Randy Sparks writes:
One of the advantages of folk music happens to be that so many of the beloved stories told in song belong to all of us, that is, they are in the public domain, free of copyright protection, and every folksinger worth his keep is allowed, even expected, to make improvements in the retelling the tale. One of my goals in life is to keep old-fashioned music alive and entertaining. ‘The Land of Giants’ album was a favorite project of mine, and I wanted to celebrate the American spirit through some of its heroes. The John Henry song had been sung to death by nearly everybody, and I simply wanted to create a better vehicle to carry the message. Columbia Records wanted no part of my entertaining ‘painless history’ lesson, but I ran my own group, and didn’t take direction very well. History teachers over the past 54 years have thanked me for the effort, and that’s much better than money.
Question from C. Jones, about the John Henry song in The Land of Giants:
I am working on an empathetic research paper centered on an American folk song, and I chose your version of “John Henry and the Steam Drill” for it. However, I can’t find any information on WHY you guys wrote and recorded the John Henry song or why you made the Land of Giants album. Could you tell me what inspired you guys to make the song?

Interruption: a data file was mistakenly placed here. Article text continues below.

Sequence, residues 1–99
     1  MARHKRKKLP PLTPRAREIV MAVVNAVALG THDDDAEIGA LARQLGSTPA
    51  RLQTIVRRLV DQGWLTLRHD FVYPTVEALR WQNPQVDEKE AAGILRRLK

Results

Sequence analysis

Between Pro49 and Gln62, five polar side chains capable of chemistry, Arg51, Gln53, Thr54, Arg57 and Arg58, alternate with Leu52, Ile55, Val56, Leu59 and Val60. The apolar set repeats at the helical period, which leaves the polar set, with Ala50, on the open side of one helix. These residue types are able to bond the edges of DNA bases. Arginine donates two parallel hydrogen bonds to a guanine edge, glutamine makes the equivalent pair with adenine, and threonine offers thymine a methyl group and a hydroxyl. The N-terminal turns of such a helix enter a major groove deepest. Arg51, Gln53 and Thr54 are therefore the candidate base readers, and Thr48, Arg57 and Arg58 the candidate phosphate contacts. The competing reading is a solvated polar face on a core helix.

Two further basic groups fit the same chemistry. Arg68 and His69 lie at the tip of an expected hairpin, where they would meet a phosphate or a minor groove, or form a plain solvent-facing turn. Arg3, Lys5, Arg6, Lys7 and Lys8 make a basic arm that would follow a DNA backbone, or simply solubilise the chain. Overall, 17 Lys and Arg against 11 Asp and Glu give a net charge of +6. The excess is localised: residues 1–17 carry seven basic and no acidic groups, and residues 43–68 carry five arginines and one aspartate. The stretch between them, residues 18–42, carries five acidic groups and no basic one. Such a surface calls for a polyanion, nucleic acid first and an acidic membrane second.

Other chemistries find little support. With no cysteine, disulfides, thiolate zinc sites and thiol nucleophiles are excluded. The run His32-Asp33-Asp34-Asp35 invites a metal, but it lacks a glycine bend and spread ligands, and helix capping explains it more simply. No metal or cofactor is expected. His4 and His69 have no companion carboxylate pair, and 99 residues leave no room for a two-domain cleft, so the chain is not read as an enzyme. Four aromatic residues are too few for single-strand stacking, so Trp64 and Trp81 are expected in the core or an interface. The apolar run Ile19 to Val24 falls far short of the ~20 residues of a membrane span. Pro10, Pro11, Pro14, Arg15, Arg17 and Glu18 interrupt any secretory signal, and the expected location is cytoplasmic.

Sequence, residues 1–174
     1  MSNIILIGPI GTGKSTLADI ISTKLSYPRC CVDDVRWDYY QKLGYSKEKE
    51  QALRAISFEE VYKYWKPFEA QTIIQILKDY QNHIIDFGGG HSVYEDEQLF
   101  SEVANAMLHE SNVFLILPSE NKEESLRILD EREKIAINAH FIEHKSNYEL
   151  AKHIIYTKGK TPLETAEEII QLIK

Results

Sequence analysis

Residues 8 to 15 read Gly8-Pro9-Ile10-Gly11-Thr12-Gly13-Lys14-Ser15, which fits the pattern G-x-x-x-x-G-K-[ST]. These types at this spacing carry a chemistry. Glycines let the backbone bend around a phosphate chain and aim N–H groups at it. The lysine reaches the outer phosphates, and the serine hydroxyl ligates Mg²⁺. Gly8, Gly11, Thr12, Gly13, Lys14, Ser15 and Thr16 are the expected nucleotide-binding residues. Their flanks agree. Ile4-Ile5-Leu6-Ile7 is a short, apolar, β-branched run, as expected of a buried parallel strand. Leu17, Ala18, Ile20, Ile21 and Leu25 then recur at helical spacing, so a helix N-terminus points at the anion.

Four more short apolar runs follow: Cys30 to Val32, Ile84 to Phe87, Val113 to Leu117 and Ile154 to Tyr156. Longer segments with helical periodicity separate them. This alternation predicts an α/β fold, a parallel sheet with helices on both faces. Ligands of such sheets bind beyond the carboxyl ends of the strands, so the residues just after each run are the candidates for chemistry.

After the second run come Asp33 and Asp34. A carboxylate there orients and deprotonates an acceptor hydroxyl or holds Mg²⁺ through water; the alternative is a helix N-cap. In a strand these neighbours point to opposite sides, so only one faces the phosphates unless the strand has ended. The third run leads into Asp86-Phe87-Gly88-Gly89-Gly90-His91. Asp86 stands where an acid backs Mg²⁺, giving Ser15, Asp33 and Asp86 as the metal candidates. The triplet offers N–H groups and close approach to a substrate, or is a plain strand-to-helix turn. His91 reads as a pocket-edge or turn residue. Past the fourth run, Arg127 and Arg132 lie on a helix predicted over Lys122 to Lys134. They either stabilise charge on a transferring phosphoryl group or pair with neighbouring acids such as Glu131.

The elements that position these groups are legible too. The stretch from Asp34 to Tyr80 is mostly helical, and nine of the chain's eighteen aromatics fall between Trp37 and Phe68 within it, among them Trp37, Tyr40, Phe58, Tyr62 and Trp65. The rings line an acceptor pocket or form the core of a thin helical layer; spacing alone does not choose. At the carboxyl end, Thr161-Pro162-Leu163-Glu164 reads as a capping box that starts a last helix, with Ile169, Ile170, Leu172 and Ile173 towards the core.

Comment from John H.
Hi, I just wandered through your Web site here thinking of how much I used to love listening to the group’s Columbia LPs back in the 1960s. I discovered a lot of Americana and the joy of harmony in those records. I loved “Land of Giants.” I always hoped the group could have its own movie, something about the backstage personalities and how they all came together on stage. Just wanted to say thank you to Mr. Sparks for giving me that. God bless you for keeping this music alive.